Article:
William Woods University Shows Stability, Continued Growth
|3/9/2009||Mary Ann Beahon|
|FOR IMMEDIATE RELEASE||(573) 592-1127|
While other colleges and universities are facing tough times, William Woods University is in a uniquely strong position, continuing to provide accessible, affordable education for students from 45 states and approximately 20 foreign countries. While the economic crisis continues to plague the U.S., William Woods University is faring well, thanks to increased enrollment, sound fiscal management and wise investment strategy.
Mission—As an independent voice in higher education, William Woods University distinguishes itself as a student-centered and professions-oriented university committed to the values of ethics, self-liberation, and lifelong education of students in the world community.
Tuition—William Woods University remains an affordable educational option, with traditional undergraduate tuition increases below 4 percent for 13 consecutive years. G&AS tuition remains extremely affordable, and we are competitive statewide.
Financial Aid—WWU’s average undergraduate financial aid package for 2008-09 is $14,000. Numerous scholarships/financial awards are available, ranging from $1,000 to 75 percent of all tuition, room and board.
LEAD—We are completing our ninth year of the LEAD program, which encourages and rewards student involvement in university life beyond the classroom. The program makes college more financially accessible, while ensuring more confident, well-rounded students.
Enrollment— William Woods University admitted the largest incoming class on record this past fall, and all signs point to another strong recruitment year for fall 2009, with overall enrollment expected to surpass 3,600.
Applications—Applications for our traditional undergraduate program are 22 percent above what they were a year ago (and 61 percent above what they were two years ago). Our Graduate & Adult Studies program continues to expand.
Graduate & Adult Studies—Our Graduate & Adult Studies program is predicting about 1,100 new students during 2009 (this is a year-round admissions program, which does not follow an academic calendar). Our master of business administration program, in particular, is growing—moving up from 12th to 5th place in enrollment among Missouri and Kansas schools offering MBA programs (Ingram’s magazine, January 2009). Our master of education and educational specialist programs have long been popular—at last count, about 30 superintendents and approximately 300 principals or assistant principals in Missouri now hold a graduate degree from William Woods University. In addition to our Fulton campus, we have satellite campuses in Jefferson City, Columbia and, most recently, we added a site in Blue Springs. Altogether, we take our programs to approximately 120 communities, making higher education accessible for working adults throughout Missouri and in Arkansas.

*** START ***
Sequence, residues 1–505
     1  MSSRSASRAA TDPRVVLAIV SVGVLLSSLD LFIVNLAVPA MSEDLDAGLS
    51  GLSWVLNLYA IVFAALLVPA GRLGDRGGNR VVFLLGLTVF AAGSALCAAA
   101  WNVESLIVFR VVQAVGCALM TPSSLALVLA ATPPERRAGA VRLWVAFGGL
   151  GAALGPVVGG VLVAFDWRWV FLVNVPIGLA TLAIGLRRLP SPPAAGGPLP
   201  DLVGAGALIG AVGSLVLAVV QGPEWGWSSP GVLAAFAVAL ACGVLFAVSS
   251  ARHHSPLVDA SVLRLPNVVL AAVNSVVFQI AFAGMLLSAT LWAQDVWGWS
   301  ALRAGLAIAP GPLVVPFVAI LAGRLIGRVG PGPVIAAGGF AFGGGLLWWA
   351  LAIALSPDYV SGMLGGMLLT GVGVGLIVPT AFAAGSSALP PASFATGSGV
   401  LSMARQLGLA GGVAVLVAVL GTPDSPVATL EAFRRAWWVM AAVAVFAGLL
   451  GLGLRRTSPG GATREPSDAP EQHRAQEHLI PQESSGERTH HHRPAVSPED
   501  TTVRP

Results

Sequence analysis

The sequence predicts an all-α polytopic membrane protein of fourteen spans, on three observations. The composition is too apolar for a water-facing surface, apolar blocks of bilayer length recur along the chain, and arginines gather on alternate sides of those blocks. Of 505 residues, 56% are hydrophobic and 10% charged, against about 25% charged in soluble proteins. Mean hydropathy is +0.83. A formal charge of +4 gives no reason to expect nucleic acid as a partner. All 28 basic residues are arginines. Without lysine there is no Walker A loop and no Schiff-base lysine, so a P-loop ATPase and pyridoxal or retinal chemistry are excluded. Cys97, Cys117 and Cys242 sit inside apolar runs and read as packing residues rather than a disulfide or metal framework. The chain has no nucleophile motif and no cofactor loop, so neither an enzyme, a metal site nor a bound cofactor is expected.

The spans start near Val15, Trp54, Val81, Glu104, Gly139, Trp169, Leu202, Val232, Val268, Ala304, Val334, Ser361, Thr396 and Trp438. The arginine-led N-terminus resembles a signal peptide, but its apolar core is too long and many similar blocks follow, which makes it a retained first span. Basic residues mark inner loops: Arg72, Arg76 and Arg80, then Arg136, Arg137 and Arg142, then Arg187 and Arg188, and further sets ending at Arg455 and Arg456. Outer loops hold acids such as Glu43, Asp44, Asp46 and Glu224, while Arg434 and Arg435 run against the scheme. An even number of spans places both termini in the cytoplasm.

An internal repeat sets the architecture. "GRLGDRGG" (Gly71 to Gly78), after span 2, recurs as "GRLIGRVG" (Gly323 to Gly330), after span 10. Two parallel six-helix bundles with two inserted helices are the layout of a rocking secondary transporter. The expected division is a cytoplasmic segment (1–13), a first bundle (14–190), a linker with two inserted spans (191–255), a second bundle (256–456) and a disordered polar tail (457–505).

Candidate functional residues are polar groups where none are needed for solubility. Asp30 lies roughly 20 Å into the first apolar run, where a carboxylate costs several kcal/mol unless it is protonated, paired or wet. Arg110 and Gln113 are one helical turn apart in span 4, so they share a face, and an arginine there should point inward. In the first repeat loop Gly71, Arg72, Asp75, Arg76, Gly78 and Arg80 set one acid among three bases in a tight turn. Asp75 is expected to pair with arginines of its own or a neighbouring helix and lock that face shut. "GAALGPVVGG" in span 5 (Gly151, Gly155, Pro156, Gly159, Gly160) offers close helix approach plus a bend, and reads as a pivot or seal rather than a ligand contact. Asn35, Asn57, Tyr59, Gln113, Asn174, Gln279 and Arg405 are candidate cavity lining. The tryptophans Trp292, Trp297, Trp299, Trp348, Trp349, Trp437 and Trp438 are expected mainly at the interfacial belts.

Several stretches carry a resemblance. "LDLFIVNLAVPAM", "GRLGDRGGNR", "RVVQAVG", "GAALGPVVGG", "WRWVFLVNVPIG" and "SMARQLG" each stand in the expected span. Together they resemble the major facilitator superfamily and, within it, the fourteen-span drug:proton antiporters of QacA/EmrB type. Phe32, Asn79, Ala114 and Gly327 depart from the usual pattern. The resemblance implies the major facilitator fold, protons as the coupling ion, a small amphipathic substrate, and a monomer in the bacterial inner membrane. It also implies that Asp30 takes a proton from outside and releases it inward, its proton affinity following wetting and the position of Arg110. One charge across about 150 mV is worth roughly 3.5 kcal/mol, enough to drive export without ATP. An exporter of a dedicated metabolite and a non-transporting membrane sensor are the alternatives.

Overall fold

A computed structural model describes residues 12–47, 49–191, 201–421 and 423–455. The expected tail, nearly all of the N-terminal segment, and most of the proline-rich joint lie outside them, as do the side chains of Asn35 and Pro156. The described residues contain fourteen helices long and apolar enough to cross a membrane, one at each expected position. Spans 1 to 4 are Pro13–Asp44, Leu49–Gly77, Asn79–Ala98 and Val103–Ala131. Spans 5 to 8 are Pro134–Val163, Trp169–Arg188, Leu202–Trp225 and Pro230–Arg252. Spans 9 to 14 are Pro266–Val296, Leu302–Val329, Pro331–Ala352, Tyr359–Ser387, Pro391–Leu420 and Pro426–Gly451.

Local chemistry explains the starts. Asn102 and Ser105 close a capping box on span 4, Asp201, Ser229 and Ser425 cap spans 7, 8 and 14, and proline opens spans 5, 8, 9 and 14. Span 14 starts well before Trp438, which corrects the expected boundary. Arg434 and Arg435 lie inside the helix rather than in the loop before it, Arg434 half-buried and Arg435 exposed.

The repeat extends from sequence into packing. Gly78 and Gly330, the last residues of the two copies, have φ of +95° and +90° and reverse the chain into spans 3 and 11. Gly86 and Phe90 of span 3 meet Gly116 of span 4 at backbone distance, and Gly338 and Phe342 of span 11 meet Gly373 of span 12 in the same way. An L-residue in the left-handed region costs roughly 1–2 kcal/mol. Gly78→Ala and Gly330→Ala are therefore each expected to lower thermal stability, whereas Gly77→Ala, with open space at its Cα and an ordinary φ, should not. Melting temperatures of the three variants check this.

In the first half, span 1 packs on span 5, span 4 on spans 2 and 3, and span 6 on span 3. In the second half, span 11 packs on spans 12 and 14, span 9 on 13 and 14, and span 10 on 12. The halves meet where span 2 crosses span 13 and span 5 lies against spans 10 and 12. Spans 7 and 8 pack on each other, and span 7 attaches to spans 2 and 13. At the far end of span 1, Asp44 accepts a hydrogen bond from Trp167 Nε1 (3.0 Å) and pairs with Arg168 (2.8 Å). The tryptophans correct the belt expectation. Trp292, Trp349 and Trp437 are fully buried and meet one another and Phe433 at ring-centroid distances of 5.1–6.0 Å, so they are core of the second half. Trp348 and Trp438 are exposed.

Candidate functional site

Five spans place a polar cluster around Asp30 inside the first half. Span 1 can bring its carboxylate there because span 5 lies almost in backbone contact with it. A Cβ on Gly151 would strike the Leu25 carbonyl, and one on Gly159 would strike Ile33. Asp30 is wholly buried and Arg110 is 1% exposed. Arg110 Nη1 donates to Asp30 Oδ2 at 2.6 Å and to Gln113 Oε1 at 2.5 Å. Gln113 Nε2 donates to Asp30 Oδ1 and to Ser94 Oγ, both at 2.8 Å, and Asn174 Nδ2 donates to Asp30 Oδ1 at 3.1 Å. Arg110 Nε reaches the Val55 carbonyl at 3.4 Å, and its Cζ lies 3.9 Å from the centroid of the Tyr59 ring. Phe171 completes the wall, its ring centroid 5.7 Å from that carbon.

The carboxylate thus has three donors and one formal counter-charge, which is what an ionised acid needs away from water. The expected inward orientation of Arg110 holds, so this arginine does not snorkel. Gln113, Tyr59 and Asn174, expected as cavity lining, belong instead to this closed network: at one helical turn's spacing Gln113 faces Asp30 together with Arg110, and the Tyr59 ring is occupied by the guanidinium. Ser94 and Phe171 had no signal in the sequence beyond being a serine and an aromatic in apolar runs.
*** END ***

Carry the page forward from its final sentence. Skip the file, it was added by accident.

Capping enrollment— William Woods University has no reason to cap enrollment as we completed three new residence halls in recent years, and anticipate further construction, thanks in part to strong support from alumni and friends.
Endowment—While WWU has experienced the effects of the downturn in the financial markets, the value of our endowment had decreased only 4.3 percent in the last quarter of the fiscal year. Our endowment is invested for the long-term in a diversified portfolio of stocks and bonds, so we have not experienced a drastic drop in our endowment’s value.
Donations—As a result of the continued support of friends and alumni of the University, annual giving is up 3.5 percent for the current fiscal year as compared to the same timeframe for fiscal year 2008. Additionally, in October WWU received its largest gift ever: $2.5 million from The Lucille and Bruce Lambert Charitable Foundation, Inc. The foundation continues the philanthropic work of Lucille Brockman Lambert, a 1933 graduate of William Woods, and her husband, Bruce Lambert.
Budget—We are completing our eighth consecutive year of operating in the black. We have not had to withdraw funds from our endowment to fund operations.
Academic programs—We have no plans to cut academic programs. One of the reasons our enrollment continues to climb is that WWU is program-driven. We offer a professions-oriented curriculum, with specialized programs in American Sign Language Interpreting (one of 25 in North America), juvenile justice (the first and only program in the state), criminal justice (specializing in homeland security), social work, athletic training, communications, graphic design and equestrian science (the first school to offer a four-year degree). All WWU programs are distinct and offer unique, co-curricular learning opportunities for students. Our Mentor-Mentee Program, for example, provides the opportunity for unique student-faculty research partnerships.
Campus improvements—We will not be delaying campus improvements and we have no deferred maintenance. We recently completed a substantial number of campus improvements, and our strategic plan calls for further improvements, so we are moving forward with our plans.
Employment—We do not have a hiring freeze, and we have not laid off employees.
Benefits—We continue to provide 100 percent of each employee’s health insurance and contribute 7 percent to each employee’s retirement fund.